To the 21st-century observer, Christianity and capitalism don’t seem to be able to coexist, given the constant need for corporations to maximize profits and satisfy shareholders. Yet Columbia College Board of Trustees member Rev. Dr. Brad Stagg, who has spent several years studying the roots of capitalism, says that pure capitalism, as it existed in Adam Smith’s time, has its ideals intertwined with that of Christianity.
Stagg, who has served as the senior minister of Columbia’s First Christian Church since July 2012, was the featured lecturer for the 19th Schiffman Lecture in Religious Studies, held Tuesday, Oct. 8, in Launer Auditorium. He earned a Doctor of Ministry degree from Garrett-Evangelical Theological Seminary in Evanston, Illinois, earlier this year; his thesis, “Jesus, Adam Smith and Today’s Capitalism,” was the topic of Tuesday’s lecture.
While Smith is known as the “The Father of Capitalism” thanks to his 1776 magnum opus “The Wealth of Nations,” Stagg noted that economics might have been just his fourth-most-significant class as a professor at the University of Glasgow. In reverse order of acclaim, he also taught law, ethics, and, most importantly, theology.
Prior to writing “The Wealth of Nations,” in 1759 Smith penned “The Theory of Moral Sentiments,” which espoused what Smith called “mutual sympathy” and we know better as “empathy.” It was based in Jesus Christ’s teaching of the “Golden Rule”—commonly phrased as, “Do unto others as you would have them do unto you.” According to Stagg’s research, Smith essentially stated the key for a society would be to ask how to pursue what it needs and wants without harming someone else.
“The basis of capitalism is that we are moral, trusting, loving and caring to our fellow being, that we are moral beings,” Stagg told the audience, which included previous Schiffman lecturers Lt. Gen. Richard Harding and professor emeritus Dr. Anthony Alioto. “Is that what we have today?”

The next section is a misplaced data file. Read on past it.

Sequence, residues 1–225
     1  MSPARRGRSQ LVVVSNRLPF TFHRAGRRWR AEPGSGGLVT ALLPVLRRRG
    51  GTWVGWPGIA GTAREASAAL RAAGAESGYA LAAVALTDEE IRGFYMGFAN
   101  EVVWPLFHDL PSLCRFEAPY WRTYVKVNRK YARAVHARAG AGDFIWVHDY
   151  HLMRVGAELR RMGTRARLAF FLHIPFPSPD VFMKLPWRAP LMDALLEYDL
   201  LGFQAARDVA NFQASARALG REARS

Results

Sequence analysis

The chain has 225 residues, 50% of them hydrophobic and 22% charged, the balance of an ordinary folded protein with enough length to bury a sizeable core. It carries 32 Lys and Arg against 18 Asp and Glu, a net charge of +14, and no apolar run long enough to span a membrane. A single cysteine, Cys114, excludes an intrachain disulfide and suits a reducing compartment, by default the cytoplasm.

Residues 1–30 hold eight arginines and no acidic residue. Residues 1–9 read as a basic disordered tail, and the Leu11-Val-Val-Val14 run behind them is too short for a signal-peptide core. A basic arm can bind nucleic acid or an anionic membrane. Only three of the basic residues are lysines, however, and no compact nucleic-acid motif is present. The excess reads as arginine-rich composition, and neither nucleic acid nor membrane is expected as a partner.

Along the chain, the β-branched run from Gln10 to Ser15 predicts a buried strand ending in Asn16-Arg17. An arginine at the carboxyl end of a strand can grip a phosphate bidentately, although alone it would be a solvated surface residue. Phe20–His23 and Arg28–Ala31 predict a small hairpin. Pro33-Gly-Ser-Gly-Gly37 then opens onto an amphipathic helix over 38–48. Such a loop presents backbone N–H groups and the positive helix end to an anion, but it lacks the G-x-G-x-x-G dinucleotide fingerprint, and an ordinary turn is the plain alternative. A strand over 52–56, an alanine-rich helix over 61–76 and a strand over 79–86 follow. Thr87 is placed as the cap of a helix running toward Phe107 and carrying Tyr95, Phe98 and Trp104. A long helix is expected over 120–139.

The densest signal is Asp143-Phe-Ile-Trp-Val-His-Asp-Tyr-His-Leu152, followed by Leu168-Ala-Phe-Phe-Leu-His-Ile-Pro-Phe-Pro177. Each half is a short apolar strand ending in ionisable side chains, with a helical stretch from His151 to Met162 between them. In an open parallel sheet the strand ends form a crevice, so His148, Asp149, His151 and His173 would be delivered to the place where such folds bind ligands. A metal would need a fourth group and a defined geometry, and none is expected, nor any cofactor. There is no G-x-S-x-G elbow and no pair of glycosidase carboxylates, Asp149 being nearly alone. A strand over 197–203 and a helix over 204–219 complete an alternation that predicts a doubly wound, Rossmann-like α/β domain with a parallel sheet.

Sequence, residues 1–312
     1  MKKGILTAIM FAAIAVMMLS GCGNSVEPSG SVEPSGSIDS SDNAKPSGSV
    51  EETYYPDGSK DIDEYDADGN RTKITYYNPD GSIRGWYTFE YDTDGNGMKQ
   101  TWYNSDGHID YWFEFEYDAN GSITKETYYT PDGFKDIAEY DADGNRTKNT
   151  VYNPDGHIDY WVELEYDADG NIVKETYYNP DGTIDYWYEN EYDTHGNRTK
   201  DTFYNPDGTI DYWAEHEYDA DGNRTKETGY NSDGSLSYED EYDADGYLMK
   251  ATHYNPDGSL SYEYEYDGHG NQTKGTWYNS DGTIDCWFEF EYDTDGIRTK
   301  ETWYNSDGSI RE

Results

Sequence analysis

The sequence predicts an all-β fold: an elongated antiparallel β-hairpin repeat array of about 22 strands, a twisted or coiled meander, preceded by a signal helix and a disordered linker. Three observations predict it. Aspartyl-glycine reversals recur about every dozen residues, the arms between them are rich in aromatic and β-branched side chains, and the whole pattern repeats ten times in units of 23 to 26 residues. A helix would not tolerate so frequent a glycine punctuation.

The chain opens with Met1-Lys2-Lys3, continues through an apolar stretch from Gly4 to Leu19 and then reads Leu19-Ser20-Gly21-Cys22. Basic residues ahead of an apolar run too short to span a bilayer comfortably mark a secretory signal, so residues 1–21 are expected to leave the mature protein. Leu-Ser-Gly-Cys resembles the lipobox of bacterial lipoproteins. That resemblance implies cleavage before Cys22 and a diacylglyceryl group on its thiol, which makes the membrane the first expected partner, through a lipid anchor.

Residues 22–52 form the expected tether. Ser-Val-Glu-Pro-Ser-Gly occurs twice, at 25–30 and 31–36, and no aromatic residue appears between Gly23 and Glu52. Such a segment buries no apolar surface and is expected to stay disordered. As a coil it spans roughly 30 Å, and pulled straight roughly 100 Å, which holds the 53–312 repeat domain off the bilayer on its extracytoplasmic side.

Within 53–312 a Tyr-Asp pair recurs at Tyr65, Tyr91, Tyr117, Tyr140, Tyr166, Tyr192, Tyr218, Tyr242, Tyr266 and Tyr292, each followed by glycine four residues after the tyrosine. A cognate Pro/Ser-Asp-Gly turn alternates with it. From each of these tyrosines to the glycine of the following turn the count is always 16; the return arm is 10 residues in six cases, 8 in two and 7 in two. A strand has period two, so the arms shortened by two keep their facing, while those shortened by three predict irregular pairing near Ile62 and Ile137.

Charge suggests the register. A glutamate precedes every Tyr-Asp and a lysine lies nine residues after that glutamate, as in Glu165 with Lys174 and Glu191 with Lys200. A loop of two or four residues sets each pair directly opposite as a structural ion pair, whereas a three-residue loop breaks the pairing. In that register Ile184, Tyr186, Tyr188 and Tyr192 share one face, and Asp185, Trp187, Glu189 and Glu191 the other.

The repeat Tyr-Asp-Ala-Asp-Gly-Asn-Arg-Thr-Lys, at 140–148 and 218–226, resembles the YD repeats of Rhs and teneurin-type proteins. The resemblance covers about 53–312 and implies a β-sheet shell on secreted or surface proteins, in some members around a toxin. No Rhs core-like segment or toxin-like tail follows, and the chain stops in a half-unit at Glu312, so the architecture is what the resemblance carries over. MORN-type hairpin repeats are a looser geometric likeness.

Stagg responded by returning to a story he told at the beginning of his lecture: His mother walked into a jewelry store at the mall one day, shopping for a gold cross on a necklace as a gift for a friend. After the clerk asked a few questions to narrow down the search, the clerk asked Stagg’s mother, “Would you like it plain, or one with a little man on it?”
Taken aback, the woman responds, “Oh, you mean Jesus!”
The clerk’s face turned puzzled. “What does Jesus have to do with the cross?” she said. Stagg pointed out that just as the jewelry-store clerk failed to make the connection between the symbolism of the cross and Jesus, our modern-day culture has disconnected Adam Smith’s empathetic foundation from today’s corporate-focused capitalism. Modern-day critics of capitalism consider the model’s emphasis on self-interest to be nothing more than greed, yet Stagg argues that under Adam Smith’s view of capitalism, self-interest is counterbalanced with empathy for “the other.”
Finally, Stagg emphasized, all is not lost: He lifted up Whole Foods CEO John Mackey, a fellow native Texan and co-author of the book, “Conscious Capitalism,” as an example of a return to Smith’s free-market roots, along with several other scholars and movements who are trying to right the ship.
“Capitalism is only as good as we are moral,” Stagg concluded. “Adam Smith and Jesus were right from the beginning.”